Zion National Park. One of those parks we’d heard of, again and again, and always figured we’d end up there. But… we hadn’t quite realized just how close it is to Las Vegas (only 2.5 hours away by rental car).
Let’s back up. Despite this being March 12th, this post is our 10 on 10 for the month. (Not sure what I’m talking about? Click here to see the first month and learn a bit more about the 10 on 10 project, and click here to see all of the posts to date.) Since we’re a bit tardy, we’ve included two extra shots– so we’ll call this a 12-on-12. Our apologies, this annual trip to Las Vegas for WPPI (an enormous wedding and portrait photography convention) is generally the best way to wipe all of our spare time off the calendar, and the 10th happened to fall on the date we were traveling home. This month Courtney added a new component to the challenge: incorporate “small” as a concept into the images somehow. As soon as we heard that we decided that this day trip into Zion would be perfect; these towering cliffs certainly make us feel small!
Before we go any further, please go check out the other talented photographers who are participating this month. (Go ahead, we’ll be right here for you when you come back.)
Alright! Back to Zion. We’ve heartily embraced seeing our National Parks in the past year, which seems timely considering 2016 is the centennial celebration of the NPS. All this beauty, all this space, and it belongs to us? Yes please. Count us in. Once we realized that Zion is a short hop away from Las Vegas, we opted to arrive a few days early for this year’s convention, and spent some time breathing fresh air and hiking dusty rocks before the glitz, glitter, and pointy shoes of Vegas. Quite the contrast!
While studying the Things One Must See and Do while in Zion, we learned of Angels Landing, a “strenuous climb” as their own sign puts it. This might be understating it a tad; there are parts where you have to cling to a thick chain anchored to the cliff walls and hoist yourself up and down to get to the summit. The best description we read (and can’t seem to find, but we’ll figure out the source later) was that Angels Landing is “either the National Park System’s most difficult hike… or its easiest climb.” Which seems perfectly accurate, in our experience! It starts as a steep but easy hike up mountain switchbacks, quickly gaining in elevation, with a respite from the heat in Refrigerator Canyon, a fun zigzag up Walter’s Wiggles, and then the most memorable 0.5 mile “hike” we’ve ever heard of.
The long and short of it? Yes, it’s potentially quite dangerous: sheer 1500′ drop-offs on either side of the path, which is sometimes as narrow as two feet wide; slippery sandstone that can let shoes slip; tight spots where it can be hard to pass other hikers. Overall this is a hike we’re glad we did in the off-season, as summer can not only be brutally hot in Zion, it’s also insanely crowded. We hit the perfect window: the snow was gone and it was warm, but the masses hadn’t yet shown up. As two flatlanders who are pretty inexperienced in strenuous hikes, this was challenging, but not impossible. The best advice we were given? “Take as much time as you need.” We did, and we had an amazing experience.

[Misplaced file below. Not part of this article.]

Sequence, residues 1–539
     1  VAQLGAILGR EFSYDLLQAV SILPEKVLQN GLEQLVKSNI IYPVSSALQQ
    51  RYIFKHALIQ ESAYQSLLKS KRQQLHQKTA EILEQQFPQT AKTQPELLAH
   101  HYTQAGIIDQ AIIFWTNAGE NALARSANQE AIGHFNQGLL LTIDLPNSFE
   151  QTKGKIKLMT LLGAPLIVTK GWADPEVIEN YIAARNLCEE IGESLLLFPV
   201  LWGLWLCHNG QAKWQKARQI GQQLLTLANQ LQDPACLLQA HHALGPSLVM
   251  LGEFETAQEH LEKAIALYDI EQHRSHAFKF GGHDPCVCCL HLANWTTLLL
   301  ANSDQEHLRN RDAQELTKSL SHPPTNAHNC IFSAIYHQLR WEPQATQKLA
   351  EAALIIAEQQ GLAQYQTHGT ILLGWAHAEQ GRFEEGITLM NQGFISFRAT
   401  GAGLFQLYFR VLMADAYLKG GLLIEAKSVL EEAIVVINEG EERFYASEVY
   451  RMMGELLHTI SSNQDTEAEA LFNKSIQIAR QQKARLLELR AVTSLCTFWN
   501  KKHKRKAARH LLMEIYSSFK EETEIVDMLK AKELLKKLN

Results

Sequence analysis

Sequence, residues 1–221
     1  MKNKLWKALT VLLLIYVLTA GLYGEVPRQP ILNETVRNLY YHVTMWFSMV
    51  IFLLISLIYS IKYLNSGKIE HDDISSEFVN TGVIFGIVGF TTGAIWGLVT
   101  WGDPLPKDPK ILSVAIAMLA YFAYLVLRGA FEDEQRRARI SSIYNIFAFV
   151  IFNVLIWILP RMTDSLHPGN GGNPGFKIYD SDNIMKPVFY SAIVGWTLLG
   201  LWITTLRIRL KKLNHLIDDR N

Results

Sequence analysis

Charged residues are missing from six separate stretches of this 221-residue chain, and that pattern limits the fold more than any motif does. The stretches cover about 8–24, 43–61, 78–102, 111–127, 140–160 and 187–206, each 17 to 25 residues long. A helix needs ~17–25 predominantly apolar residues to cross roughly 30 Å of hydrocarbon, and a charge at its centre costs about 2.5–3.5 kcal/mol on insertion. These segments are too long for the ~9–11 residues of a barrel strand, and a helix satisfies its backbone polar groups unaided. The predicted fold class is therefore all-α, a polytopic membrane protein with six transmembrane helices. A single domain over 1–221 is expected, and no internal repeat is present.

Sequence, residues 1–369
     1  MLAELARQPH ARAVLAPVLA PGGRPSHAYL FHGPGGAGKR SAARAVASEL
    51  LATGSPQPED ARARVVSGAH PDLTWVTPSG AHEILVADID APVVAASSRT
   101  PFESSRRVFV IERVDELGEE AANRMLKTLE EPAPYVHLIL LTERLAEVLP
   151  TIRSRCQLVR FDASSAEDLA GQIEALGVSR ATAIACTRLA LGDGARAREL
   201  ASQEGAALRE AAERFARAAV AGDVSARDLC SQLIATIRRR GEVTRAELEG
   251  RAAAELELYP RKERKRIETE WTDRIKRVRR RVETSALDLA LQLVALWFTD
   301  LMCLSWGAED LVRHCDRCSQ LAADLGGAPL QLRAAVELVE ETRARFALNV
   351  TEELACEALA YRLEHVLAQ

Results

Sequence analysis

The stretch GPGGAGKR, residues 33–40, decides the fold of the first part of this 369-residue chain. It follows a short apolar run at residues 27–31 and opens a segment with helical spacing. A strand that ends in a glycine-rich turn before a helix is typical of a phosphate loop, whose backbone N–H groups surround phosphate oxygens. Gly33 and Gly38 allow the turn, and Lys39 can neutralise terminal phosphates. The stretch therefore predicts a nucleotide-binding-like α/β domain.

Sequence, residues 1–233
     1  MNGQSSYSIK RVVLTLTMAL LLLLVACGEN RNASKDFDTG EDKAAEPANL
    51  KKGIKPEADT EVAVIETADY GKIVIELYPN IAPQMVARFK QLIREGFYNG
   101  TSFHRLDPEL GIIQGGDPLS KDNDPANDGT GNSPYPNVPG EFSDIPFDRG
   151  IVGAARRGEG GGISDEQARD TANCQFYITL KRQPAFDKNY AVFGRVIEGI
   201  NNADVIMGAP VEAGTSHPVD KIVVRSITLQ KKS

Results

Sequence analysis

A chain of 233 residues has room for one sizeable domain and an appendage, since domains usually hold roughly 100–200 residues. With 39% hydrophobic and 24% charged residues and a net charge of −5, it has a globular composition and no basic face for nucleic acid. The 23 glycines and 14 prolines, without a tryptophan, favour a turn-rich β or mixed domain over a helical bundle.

Halfway up Walters Wiggles, a series of 21 steep switchbacks to squiggle up the mountainside.
A pano from Scout’s Lookout (where people who aren’t fond of heights often wait for their friends to return–or not– from the last climb to Angels Landing).
We had to take one last #pogopano just in case we didn’t survive the hike. Hey, you never know! This would make a cute final photo, don’t you think? ;-)
Yep. That narrow spine on the right? That’s what you hike up. Well, hike is not quite the word. See below.
A view of Big Bend. We later photographed the stars from that parking lot!
At the very top there were quite a few people take photos, breaks, and enjoying the place. Though in this shot it seems like only Steve is actually enjoying the view. (Love the contemplative look from the kid in the red shirt behind him.)
So this. This is why people climb up here. BREATHTAKING.
It got a bit dark on the way down. And by “a bit dark”, we really mean “dark as a moonless night”, which it was. Luckily our cameras have super vision, so we got this cool shot of the squiggling path. For any gear geeks and shutterbugs out there, this was shot on a Canon 5D Mk iii with the Sigma 24-35mm at 24mm, ƒ2.0 for 1/30th of a second, at ISO 25600. (Yes. 25600. We legitimately couldn’t see the hikers on the path with our eyes, but the camera picked them up!) And yes, we had headlamps for the rest of the walk.
And the stars. The stars were amazing. This place is truly DARK! Here’s what we assume is Angels Landing (could be wrong, but haven’t researched it enough yet) from Big Bend (the parking lot you can see in the pano a few images back). It was big and pointy in the night sky anyway, and we thought that was fun.
Thanks for checking out this month’s post! Back to weddings and portraits very soon, we know that’s why you’re here. ;-)